Children’s Mental Health Week – List of Resources

This week, schools, charities, and mental health organisations are coming together to mark Children’s Mental Health Week (1-7 February 2021) and we are very happy to be taking part. We’ve put together a list of resources, websites, and organisations that we hope will be useful for children, young people, and their parents, carers, friends and teachers, living, learning and working during the coronavirus pandemic.

Resources and activities for young children (aged 4-10)

  • This BBC Toolkit is full of creative projects, advice about creating positive learning environments, multi-sensory activities and more.
  • Based at University of California, Berkeley, Good in Action collects the best research-based methods for a happier, more meaningful life – and puts them at your fingertips in a format that’s easy to navigate and digest, for free. Their Superhero Motivation for Kids takes 5-10 minutes, and uses pretend play to encourage children to persevere through difficulty.
  • If you’re a child or young person in Oxfordshire and you’re struggling with your mental health or wellbeing, get in touch with Oxfordshire Mind by telephone (01865 247788) or email (cyp@oxfordshiremind.org.uk).
  • Anna Freud National Centre for Children and Families ran a campaign over the summer called #SelfCareSummer. Download the pack for brilliant creative challenges and activities to boost feelings of self-worth.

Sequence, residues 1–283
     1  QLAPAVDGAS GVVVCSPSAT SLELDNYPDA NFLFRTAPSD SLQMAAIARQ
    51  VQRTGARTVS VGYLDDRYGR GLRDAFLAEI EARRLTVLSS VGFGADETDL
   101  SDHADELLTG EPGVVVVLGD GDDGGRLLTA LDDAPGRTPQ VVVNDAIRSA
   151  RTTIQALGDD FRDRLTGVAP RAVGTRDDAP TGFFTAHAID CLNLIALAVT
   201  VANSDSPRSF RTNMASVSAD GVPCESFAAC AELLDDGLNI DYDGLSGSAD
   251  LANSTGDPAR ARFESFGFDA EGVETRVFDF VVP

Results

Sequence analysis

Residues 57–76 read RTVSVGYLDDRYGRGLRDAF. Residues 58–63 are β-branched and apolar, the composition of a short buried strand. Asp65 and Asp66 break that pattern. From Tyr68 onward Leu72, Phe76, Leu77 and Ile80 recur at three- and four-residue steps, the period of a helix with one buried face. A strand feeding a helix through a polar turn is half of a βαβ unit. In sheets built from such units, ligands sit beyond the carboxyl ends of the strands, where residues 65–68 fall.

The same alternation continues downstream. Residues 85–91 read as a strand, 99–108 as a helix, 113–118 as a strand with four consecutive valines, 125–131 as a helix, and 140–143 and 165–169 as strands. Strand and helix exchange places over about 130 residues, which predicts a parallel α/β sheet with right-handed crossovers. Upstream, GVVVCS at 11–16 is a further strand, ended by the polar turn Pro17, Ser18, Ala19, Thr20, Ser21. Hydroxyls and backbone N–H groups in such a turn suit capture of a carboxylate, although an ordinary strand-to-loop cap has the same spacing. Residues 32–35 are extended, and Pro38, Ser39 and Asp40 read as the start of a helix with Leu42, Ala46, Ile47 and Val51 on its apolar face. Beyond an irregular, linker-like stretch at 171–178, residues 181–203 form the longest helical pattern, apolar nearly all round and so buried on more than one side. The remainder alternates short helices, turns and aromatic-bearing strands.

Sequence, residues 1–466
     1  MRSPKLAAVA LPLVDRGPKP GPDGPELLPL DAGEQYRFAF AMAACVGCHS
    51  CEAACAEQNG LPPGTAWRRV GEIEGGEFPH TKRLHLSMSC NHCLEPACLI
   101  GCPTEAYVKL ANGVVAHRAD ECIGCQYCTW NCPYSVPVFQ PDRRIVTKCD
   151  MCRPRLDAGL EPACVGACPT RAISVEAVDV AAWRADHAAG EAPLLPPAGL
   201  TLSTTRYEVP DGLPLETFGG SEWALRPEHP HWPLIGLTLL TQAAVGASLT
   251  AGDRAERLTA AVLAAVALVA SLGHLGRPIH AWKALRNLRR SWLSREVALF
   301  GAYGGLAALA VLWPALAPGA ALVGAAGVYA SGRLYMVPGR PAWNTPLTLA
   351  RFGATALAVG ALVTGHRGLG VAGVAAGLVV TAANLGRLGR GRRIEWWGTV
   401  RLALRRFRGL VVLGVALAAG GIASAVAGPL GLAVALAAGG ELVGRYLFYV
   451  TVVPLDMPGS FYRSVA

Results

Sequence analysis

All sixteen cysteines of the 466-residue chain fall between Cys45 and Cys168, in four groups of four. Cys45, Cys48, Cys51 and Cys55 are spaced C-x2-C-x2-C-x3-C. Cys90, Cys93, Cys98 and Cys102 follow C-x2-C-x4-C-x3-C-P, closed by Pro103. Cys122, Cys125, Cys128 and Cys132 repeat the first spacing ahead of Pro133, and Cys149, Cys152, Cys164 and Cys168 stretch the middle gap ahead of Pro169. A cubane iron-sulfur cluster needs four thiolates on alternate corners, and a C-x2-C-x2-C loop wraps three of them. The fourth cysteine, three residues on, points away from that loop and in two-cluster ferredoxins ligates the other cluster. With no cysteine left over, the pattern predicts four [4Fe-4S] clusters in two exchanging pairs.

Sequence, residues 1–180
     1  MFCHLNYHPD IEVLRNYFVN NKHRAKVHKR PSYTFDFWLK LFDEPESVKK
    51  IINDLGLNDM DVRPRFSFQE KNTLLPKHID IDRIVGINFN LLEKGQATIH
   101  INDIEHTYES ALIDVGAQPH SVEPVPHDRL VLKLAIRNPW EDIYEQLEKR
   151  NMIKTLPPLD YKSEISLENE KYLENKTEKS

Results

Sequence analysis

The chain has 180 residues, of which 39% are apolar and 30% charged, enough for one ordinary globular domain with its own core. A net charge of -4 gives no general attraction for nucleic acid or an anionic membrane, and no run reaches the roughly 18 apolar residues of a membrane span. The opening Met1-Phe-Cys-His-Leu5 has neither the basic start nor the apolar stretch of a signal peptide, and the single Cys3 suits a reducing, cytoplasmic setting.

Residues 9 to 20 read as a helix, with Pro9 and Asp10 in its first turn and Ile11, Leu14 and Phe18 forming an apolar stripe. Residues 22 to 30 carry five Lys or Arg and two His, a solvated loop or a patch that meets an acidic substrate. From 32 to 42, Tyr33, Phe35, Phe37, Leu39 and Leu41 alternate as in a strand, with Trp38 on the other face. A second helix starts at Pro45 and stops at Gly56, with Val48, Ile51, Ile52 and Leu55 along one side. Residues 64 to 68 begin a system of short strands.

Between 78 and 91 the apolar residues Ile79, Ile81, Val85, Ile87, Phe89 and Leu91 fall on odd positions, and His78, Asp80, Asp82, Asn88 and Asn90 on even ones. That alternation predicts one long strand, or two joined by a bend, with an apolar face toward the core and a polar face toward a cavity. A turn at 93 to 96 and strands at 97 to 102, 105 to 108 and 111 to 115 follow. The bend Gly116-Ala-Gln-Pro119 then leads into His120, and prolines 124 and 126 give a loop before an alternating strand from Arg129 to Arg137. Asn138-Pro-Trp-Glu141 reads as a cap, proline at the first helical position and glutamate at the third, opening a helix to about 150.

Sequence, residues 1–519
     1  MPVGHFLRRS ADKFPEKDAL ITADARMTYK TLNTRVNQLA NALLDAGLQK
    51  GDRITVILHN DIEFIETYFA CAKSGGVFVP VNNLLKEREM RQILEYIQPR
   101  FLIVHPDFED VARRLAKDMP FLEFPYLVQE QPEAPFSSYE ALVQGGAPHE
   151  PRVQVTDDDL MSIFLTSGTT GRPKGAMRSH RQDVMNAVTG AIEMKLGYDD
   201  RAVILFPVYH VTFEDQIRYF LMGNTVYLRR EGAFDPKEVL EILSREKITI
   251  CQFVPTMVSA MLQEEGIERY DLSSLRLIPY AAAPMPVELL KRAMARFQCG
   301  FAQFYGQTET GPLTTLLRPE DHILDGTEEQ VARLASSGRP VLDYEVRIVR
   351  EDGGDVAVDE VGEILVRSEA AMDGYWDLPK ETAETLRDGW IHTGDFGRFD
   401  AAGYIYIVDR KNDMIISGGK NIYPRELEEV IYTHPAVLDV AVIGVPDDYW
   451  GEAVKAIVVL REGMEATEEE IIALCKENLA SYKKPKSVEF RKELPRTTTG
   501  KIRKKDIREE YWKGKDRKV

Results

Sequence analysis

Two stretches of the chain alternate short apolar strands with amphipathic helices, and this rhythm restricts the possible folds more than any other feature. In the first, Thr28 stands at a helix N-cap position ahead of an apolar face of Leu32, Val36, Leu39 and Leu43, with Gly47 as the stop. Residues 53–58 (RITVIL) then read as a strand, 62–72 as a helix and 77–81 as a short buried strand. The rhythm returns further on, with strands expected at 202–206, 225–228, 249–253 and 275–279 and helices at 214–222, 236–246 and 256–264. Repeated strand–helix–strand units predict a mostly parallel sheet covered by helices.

• Young Minds, the UK’s leading charity fighting for children and young people’s mental health have produced a template ‘Letter about how I’m feeling‘, a useful resource to get children talking about their feelings.
  • Check out Oxfordshire Kindness Wave’s Story Palace for a series of stories read aloud for children. This is a collaboration between writers, artists and performers.

Resources for older children and young people (aged 10-18)

  • ThinkNinja is a mental health App designed for 10 to 18 year olds. Using a variety of content and tools, it allows young people to learn about mental health and emotional wellbeing, and develop skills they can use to build resilience and stay well.
  • Run by young people, website Rise Above, has a list of resources and videos for young people for feeling good in lockdown, including an animation about a mental health technique called Worry Tree.
  • The Mental Health Foundation has a list of resources for young people coping during the lockdown, including a section aimed at higher education students and school leavers.
  • Run by Public Health England, Every Mind Matters has a series of self-care videos aimed at young people related to the pandemic about dealing with change, getting active, and healthy sleep routines.
  • Anna Freud National Centre for Children and Families ran a campaign over the summer called #SelfCareSummer. Download the pack for creative activities and resources for secondary school children.
  • If you’re a child or young person in Oxfordshire and you’re struggling with your mental health or wellbeing, get in touch with Oxfordshire Mind by telephone (01865 247788) or email (cyp@oxfordshiremind.org.uk). Or check out the Youth in Mind Map, an interactive map listing a range of organisations that provide activities or support for young people across Oxfordshire.